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Today in Denmark: A roundup of the news on Wednesday

Find out what's going on in Denmark today with The Local's short roundup of the news in less than five minutes.

2021 was a year to forget for Danish auto traders.
2021 was a year to forget for Danish auto traders. File photo: Mads Claus Rasmussen/Ritzau Scanpix

Epidemic Committee to discuss restrictions again 

Parliament’s Epidemic Committee will today meet to discuss whether and when to ease some of the current Covid-19 restrictions, including the closure of cinemas and theatres and limits on nightlife.

The current restrictions on the cultural sector are scheduled to expire on Sunday. The advisory Epidemic Commission is expected to make a recommendation on whether to extend them.

A final decision on whether to extend is likely to be made by this afternoon.

Danish public now less concerned about Covid-19, researchers find

Aarhus University’s HOPE Project, which has followed public attitudes and behaviours in response to Covid-19 throughout the pandemic, has found that people in Denmark have become less concerned over certain aspects of it, broadcaster DR writes.

New data from the project shows people in Denmark to be less worried about high infection numbers provided that hospitals are not overburdened.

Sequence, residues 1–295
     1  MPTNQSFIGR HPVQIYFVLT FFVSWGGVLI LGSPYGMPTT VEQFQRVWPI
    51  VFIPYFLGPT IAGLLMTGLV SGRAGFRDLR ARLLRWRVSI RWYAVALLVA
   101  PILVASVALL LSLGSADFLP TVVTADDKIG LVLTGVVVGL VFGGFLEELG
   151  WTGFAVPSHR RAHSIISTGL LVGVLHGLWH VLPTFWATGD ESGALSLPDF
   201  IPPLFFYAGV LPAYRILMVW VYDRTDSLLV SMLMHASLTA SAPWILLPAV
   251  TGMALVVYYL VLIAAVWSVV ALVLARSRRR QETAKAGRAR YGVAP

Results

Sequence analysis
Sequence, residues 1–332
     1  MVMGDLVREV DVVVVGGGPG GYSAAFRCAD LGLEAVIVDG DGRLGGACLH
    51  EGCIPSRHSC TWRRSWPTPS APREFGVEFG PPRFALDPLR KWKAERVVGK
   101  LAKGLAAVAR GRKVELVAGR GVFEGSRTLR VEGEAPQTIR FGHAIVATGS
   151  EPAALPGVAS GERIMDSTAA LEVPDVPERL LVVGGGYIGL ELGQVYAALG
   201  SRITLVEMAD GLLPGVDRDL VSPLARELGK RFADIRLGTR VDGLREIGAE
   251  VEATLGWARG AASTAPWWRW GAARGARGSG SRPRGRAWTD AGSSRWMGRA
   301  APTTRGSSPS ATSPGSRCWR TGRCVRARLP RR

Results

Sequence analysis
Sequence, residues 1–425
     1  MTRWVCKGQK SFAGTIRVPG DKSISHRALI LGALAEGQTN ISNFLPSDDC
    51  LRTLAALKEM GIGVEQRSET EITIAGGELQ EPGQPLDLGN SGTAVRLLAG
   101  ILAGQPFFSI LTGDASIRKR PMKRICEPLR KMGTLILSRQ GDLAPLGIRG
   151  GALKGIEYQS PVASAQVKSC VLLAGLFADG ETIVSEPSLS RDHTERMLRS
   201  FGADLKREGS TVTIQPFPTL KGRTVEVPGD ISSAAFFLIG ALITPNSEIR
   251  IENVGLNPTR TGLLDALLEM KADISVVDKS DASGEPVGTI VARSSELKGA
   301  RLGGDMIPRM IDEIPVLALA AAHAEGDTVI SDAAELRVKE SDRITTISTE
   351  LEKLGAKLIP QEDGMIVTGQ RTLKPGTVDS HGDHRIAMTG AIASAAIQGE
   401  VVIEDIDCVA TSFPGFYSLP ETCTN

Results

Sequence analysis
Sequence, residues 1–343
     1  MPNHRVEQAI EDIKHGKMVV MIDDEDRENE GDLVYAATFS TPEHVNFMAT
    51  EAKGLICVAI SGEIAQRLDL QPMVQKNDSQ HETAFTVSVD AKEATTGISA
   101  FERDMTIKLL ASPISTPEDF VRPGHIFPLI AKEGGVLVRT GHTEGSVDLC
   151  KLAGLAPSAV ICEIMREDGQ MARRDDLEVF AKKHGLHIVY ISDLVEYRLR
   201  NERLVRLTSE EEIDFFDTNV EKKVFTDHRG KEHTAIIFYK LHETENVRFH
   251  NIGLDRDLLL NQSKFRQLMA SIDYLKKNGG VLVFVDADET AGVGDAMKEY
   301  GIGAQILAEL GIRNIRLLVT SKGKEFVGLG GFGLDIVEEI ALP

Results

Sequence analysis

That runs in parallel with relative control over the number of people in hospital with Covid-19 in recent weeks, as the number of community infections as shot up.

READ ALSO: Covid-19: Denmark’s daily infection number back over 20,000

Electricity bills could go up by 30 percent in ‘normal’ households

The interest organisation for Denmark’s energy industry, Dansk Energi, has told broadcaster DR that nost normal households can expect electricity bills to be 30 percent higher this year than last.

“We have extremely high prices for both electricity in gas in Denmark and the rest of Europe, and this difference from very low prices to very high prices is very big, and we will all notice it,” the organisation’s director Lars Aagaard said.

READ ALSO: Why some homes in Denmark are more affected by rocketing heating bills

Denmark’s car dealerships feel effect of shortages

Lockdowns and material and equipment shortages have been blamed for the worst year for car sales in Denmark since 2013, news wore Ritzau writes.

2021 saw 186,604 new cars leave Danish forecourts, the lowest number since 2013. The figure is 6.2 percent and 17 percent lower than 2020 and 2019 respectively.

The auto industry has previously been reported to have been affected by a shortage of raw materials used to make some car components.

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